Health Fears as One in Three Girls Incorrectly Thinks Theyre Overweight - ; Size: Distorted Body Image Is Common
Byline: Lucie van den Berg
ONE in three 15-year-old girls in Ireland wrongly believe that they aretoo fat, new figures from the World Health Organisation reveal.
Distorted body images are not just restricted to young girls with 15 per centof boys in the same age group mistakenly thinking they are overweight.
These startling figures show that youngsters are being exposed to societalpressures to be the dangerously slim size zero at an extremely vulnerable age.
The latest report on health inequalities in young people shows that between 19and 20 per cent of 11-year-olds think they are overweight or obese according tothe Body Mass Index.
The problem increases as children get older with 35 per cent of girls andalmost a quarter of boys viewing their body as too big by the time they hit 13.
At just 15, 45 per cent of girls and 22 per cent of boys claim they are toofat.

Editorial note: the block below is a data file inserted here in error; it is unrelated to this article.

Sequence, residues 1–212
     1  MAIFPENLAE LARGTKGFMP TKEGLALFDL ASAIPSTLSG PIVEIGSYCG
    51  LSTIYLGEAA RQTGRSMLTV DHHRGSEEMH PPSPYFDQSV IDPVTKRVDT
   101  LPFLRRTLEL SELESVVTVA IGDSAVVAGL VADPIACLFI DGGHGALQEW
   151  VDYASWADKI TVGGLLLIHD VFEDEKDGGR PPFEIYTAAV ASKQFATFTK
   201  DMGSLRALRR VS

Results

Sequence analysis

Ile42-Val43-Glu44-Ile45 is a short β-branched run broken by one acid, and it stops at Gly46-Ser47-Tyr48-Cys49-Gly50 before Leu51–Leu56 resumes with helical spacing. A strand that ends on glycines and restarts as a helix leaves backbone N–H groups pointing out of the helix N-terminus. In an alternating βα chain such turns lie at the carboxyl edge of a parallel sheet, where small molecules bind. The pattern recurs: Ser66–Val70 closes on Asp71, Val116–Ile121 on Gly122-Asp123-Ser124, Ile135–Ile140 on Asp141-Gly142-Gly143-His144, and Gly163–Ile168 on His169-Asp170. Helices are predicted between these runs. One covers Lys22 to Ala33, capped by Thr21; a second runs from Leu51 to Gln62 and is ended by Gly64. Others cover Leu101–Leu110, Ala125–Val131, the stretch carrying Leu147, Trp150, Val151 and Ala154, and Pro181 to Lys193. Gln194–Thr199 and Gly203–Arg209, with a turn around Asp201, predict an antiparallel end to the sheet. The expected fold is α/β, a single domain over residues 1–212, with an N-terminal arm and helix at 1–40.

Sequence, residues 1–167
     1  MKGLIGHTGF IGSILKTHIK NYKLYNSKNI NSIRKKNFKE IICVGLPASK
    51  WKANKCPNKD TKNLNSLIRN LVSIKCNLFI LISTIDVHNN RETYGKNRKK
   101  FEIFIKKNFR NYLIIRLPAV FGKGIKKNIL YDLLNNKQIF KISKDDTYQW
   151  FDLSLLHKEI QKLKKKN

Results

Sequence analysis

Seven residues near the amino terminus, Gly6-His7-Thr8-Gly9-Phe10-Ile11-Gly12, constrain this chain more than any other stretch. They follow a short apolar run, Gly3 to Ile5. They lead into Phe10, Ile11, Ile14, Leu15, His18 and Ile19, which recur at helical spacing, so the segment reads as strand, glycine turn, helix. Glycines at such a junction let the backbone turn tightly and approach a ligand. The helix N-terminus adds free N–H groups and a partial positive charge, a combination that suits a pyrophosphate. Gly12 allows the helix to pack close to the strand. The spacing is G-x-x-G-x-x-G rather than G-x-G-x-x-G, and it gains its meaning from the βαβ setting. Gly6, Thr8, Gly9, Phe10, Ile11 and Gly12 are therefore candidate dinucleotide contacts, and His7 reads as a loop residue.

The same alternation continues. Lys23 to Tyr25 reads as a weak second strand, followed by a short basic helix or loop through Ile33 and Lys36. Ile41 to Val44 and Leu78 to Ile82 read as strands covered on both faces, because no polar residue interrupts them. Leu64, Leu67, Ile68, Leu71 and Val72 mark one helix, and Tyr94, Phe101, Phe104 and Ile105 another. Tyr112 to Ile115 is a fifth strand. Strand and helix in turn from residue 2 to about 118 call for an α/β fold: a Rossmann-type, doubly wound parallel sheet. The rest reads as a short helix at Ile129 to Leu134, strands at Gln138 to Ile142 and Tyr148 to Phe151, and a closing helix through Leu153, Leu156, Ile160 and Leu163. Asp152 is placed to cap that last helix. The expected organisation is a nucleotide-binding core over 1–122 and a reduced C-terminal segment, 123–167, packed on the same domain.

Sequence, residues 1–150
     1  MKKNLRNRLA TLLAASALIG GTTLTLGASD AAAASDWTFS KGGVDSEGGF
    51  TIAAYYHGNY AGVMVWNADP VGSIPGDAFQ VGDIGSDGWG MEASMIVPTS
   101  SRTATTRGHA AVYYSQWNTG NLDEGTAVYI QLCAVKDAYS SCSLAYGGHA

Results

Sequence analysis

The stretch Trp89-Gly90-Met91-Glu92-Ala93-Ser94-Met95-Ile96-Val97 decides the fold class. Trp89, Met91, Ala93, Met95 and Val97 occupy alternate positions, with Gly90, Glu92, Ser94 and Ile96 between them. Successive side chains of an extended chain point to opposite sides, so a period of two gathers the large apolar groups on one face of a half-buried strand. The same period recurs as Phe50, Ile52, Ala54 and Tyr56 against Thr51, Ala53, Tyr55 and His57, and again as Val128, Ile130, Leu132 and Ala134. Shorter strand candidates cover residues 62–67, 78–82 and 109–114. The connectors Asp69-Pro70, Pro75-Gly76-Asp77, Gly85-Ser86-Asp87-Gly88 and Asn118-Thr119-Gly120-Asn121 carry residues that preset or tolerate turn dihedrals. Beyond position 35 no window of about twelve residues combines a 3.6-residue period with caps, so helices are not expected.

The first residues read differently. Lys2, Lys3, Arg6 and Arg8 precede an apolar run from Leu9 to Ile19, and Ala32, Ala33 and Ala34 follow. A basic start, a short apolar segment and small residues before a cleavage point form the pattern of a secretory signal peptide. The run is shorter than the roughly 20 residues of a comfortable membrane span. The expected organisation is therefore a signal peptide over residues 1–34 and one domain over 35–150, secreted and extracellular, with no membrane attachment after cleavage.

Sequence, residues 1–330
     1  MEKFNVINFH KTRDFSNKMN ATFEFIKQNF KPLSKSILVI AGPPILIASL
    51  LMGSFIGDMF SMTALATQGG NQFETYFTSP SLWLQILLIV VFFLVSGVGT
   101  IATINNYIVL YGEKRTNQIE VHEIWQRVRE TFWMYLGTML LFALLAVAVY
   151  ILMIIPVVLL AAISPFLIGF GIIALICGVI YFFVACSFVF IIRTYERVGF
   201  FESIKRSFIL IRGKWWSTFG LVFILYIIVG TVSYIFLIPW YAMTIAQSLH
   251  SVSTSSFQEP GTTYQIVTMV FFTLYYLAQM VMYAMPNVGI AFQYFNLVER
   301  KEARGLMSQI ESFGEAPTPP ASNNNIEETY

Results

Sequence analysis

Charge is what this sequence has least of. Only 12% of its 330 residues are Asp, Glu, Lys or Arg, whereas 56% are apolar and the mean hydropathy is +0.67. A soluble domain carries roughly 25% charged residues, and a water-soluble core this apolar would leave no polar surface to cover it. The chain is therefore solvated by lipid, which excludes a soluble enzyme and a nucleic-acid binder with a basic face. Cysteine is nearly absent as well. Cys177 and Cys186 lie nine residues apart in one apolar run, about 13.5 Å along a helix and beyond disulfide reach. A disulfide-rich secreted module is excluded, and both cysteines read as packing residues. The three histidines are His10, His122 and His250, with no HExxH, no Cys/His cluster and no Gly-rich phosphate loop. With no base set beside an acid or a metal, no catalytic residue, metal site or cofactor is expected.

In reality, only ten per cent of girls aged 15 and 15 per cent of boys in thisage group are actually considered obese.
The WHO authors found that feeling too fat was more apparent among girls livingin northern and western Europe.
The report said: Being slim is greatly valued in society, especially forfemales, and the stigmatisation of overweight and obesity appears to beincreasing.
Eating disorder support group BodyWhys said it was important for young peopleto understand negative body images.
A spokesman said: The teenage years are a time of major change, both physicallyand emotionally, which can lead to feelings of self-consciousness and canimpact on a young persons self-esteem, which in turn can impact on body image.
Young people in particular may be influenced by images in the media and inadvertising which present an unrealistic ideal of physical appearance, whichcan lead to a pressure to conform to that unrealistic ideal.
But there are some positive health indicators among Irish children in thereport of more than 200,000 pupils.
Irish children are the second most active youngsters out of the 41 countriessurveyed.
Almost 80 per cent of 11 year olds eat breakfast every day, but this drops offas children get older with just over half of 15-year-old girls and 70 per centof boys eating breakfast. …